PAM is a rare disease with autosomal recessive inheritance, which is characterized by the presence of diffuse innumerable minute calculi in the alveoli of the lungs called microliths. PAM was reported by Harbitz in 1918 and accordingly it is also called Harbitz′ syndrome.[1] The nation with the highest number of reported cases of PAM is Turkey.[2] PAM cases are found in both the sexes and has slight male predominance. Although PAM cases are seen in all age groups, most frequently diagnosed from birth to 40 years of age.[3] Mutations in the SLC34A2 gene causing loss of function in the sodium phosphate transporter type IIb causing accumulation of phosphate in the alveolus, leading to nidus for microlith formation is the accepted pathogenesis behind PAM. These patients will be remarkably asymptomatic and the most typical feature will be the clinicoradiological dissociation where chest radiography shows a significant “sandstorm” appearance despite a paucity of symptoms or examination findings. Symptoms of PAM usually appear by third or fourth decade of life and the most common symptoms seen are dyspnea and dry cough, but other symptoms including chest pain, hemoptysis, fatigue, and pneumothoraxes are also seen.[4] Chest X-ray typically demonstrates sand-like calcification throughout the lungs and black pleura sign. Black pleura sign is a radiological sign in PAM seen as a strip of peripheral lucency beneath the ribs when compared to the adjacent diffusely calcified lung. HRCT findings in PAM are divided into four stages based on the degree of radiologic severity. The Stage 1 is precalcific stage and consists of few microliths and with calcification which is of low grade, only rarely observed in asymptomatic children. The Stage 2 seen in childhood or adolescence exhibits typical “sandstorm appearance” with calcific micronodules <1 mm in diameter which are scattered throughout the lungs with basal and midlung predominance. The boundaries of the heart and diaphragm appear clear. The Stage 3 is often seen in young adults, which reveals disseminated micronodules with interstitial septal thickening and crazy paving sign, and the boundaries of the heart and diaphragm are obliterated. The Stage 4 is characterized by significant advancement in the number and size of calcific deposits, leading to intense calcification of the interstitium and pleural serosa, finally giving appearance of “white lungs” seen in the later years of life. Additional HRCT findings include crazy paving pattern, calcified interlobular septa, small subpleural cysts/emphysema, and ground-glass opacities (which tend to be more common in children). Positron emission tomography scan may show high fluorodeoxyglucose uptake, but primarily in the lung regions that spare calcification. Fiberoptic bronchoscopy along with bronchoalveolar lavage showing microliths or histopathological examination of a lung biopsy is required for confirming the diagnosis of PAM. As SLC34A2 is found in other extrapulmonary sites such as kidney, prostate, pancreas, small intestine, uterus, ovary, testis, mammary glands, thyroid gland, salivary glands, trachea, liver and placenta and recently identified in human aortic valve. It causes extra-pulmonary calcifications like medullary nephrocalcinosis or nephrolithiasis, calcification of the lumbar sympathetic chain and also microliths in testes, epididymis and sympathetic ganglia, seminal vesicles of male PAM patients called testicular microlithiasis which can lead to bilateral testicular atrophy, obstructive azoospermia and can lead to infertility.[5],[6],[7],[8]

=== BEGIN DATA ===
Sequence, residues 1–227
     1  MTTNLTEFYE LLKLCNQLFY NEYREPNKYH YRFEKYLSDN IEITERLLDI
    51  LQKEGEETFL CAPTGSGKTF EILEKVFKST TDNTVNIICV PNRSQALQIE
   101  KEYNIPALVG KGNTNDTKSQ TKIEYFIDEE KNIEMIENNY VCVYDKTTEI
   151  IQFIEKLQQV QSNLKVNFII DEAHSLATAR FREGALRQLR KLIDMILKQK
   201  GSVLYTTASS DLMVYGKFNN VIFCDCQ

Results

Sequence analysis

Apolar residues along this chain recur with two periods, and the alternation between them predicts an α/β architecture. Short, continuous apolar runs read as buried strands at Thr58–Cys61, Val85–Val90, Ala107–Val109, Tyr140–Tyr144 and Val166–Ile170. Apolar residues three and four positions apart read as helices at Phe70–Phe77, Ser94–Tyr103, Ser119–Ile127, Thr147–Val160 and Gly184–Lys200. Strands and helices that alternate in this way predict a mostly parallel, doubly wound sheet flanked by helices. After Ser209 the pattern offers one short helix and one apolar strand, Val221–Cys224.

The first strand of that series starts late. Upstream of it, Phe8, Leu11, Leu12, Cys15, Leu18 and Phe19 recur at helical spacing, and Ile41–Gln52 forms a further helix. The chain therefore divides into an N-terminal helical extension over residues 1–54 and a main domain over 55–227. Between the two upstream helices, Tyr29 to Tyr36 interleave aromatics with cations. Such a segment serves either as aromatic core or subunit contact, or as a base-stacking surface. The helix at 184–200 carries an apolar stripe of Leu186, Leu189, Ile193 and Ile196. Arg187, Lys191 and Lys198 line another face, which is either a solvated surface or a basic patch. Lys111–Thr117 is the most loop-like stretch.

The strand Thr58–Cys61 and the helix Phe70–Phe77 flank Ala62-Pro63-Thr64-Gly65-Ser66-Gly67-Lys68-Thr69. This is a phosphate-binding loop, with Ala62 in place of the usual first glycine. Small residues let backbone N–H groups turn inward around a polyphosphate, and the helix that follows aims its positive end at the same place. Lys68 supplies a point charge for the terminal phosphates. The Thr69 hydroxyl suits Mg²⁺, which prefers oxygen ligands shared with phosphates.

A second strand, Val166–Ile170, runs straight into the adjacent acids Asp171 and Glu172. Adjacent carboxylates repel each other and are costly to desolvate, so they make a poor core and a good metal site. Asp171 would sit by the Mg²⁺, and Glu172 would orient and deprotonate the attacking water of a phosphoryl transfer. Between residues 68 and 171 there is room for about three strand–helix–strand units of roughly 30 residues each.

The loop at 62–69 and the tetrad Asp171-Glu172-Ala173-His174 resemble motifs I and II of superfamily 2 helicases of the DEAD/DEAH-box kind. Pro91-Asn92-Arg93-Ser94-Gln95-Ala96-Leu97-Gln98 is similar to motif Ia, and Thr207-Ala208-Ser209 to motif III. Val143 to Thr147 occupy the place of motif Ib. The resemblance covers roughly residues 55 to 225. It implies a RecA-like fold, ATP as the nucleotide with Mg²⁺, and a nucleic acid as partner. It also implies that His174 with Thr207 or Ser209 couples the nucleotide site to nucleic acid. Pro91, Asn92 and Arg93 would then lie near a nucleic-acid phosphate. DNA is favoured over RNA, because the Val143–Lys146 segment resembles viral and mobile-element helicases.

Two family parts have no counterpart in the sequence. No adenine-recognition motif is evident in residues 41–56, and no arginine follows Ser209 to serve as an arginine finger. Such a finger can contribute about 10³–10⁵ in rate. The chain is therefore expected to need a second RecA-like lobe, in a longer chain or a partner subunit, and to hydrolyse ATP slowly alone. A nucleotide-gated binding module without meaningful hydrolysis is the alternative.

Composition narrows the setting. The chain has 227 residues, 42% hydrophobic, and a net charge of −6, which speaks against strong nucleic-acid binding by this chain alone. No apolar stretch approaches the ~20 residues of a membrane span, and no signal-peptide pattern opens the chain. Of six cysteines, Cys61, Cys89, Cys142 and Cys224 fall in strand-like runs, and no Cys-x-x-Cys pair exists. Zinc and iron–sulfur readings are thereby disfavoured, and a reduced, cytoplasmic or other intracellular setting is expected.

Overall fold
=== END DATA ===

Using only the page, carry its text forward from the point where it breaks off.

The radiographic findings of PAM are highly characteristic and are extremely important for diagnosis. Radiological findings in patients with PAM can lead to diagnostic dilemma with other diseases associated with diffuse opacifications such as tuberculosis, sarcoidosis, mycosis, pneumoconiosis, amyloidosis, silicosis, healed varicella pneumonia, idiopathic pulmonary hemosiderosis, pulmonary baritosis, pulmonary stenosis, mitral stenosis, talcosis, metastatic pulmonary calcification, and amiodarone lung toxicity, which also present with, however the symptoms will be more severe in these diseases.[2],[9]

Currently, no guidelines are available for the treatment of PAM. Systemic steroids, calcium-chelating agents, and bronchopulmonary lavage have shown ineffective for reducing disease progression in previous studies.[2] Disodium etidronate was previously administered because of its possible ability to inhibit Ca3 (PO4) 2 precipitation and resolve formed calcifications. Previous studies had demonstrated its capacity to improve lung function and radiographic findings which recent other reports revealed to be ineffective.[10] Lung transplantation can be done in the final stages of PAM and has shown improvement of right ventricular function.[11] The survival rate and recurrence rate after lung transplantation are still under research. However, no PAM recurrences have been reported following lung transplantation till date.[2]

Our case is one among the rare disease which poses a great diagnostic challenge for clinicians which has high radiological resemblance with other diseases such as miliary tuberculosis, sarcoidosis, and pneumoconiosis, where the evaluation treatment and management differ greatly. Our case shows the significance of the thorough knowledge of this rare disease for reaching at early correct diagnosis and thereby avoiding unnecessary invasive procedures.

Declaration of patient consent

The authors certify that they have obtained all appropriate patient consent forms. In the form the patient (s) has/have given his/her/their consent for his/her/their images and other clinical information to be reported in the journal. The patients understand that their names and initials will not be published and due efforts will be made to conceal their identity, but anonymity cannot be guaranteed.

Financial support and sponsorship

Nil.

Conflicts of interest

There are no conflicts of interest.



 
  References Top

1.
Harbitz E. Extensive calcification of the lungs as a distinct diseases. Arch Intern Med 1918;21:139-46.  Back to cited text no. 1
    
2.
Castellana G, Castellana G, Gentile M, Castellana R, Resta O. Pulmonary alveolar microlithiasis: Review of the 1022 cases reported worldwide. Eur Respir Rev 2015;24:607-20.  Back to cited text no. 2
    
3.
Tachibana T, Hagiwara K, Johkoh T. Pulmonary alveolar microlithiasis: Review and management. Curr Opin Pulm Med 2009;15:486-90.  Back to cited text no. 3
    
4.
Jönsson ŠL, Simonsen U, Hilberg O, Bendstrup E. Pulmonary alveolar microlithiasis: Two case reports and review of the literature. Eur Respir Rev 2012;21:249-56.  Back to cited text no. 4
    
5.
Moran CA, Hochholzer L, Hasleton PS, Johnson FB, Koss MN. Pulmonary alveolar microlithiasis. A clinicopathologic and chemical analysis of seven cases. Arch Pathol Lab Med 1997;121:607-11.  Back to cited text no. 5
    
6.
Feild JA, Zhang L, Brun KA, Brooks DP, Edwards RM. Cloning and functional characterization of a sodium-dependent phosphate transporter expressed in human lung and small intestine. Biochem Biophys Res Commun 1999;258:578-82.  Back to cited text no. 6
    
7.
Pant K, Shah A, Mathur RK, Chhabra SK, Jain SK. Pulmonary alveolar microlithiasis with pleural calcification and nephrolithiasis. Chest 1990;98:245-6.  Back to cited text no. 7
    
8.
Coetzee T. Pulmonary alveolar microlithiasis with involvement of the sympathetic nervous system and gonads. Thorax 1970;25:637-42.  Back to cited text no. 8
    
9.
Marchiori E, Franquet T, Gasparetto TD, Gonçalves LP, Escuissato DL. Consolidation with diffuse or focal high attenuation: Computed tomography findings. J Thorac Imaging 2008;23:298-304.  Back to cited text no. 9
    
10.
Ozcelik U, Yalcin E, Ariyurek M, Ersoz DD, Cinel G, Gulhan B,et al. Long-term results of disodium etidronate treatment in pulmonary alveolar microlithiasis. Pediatr Pulmonol 2010;45:514-7.  Back to cited text no. 10
    
11.
Samano MN, Waisberg DR, Canzian M, Campos SV, Pêgo-Fernandes PM, Jatene FB. Lung transplantation for pulmonary alveolar microlithiasis: A case report. Clinics (Sao Paulo) 2010;65:233-6.  Back to cited text no. 11
    


    Figures

  [Figure 1], [Figure 2], [Figure 3]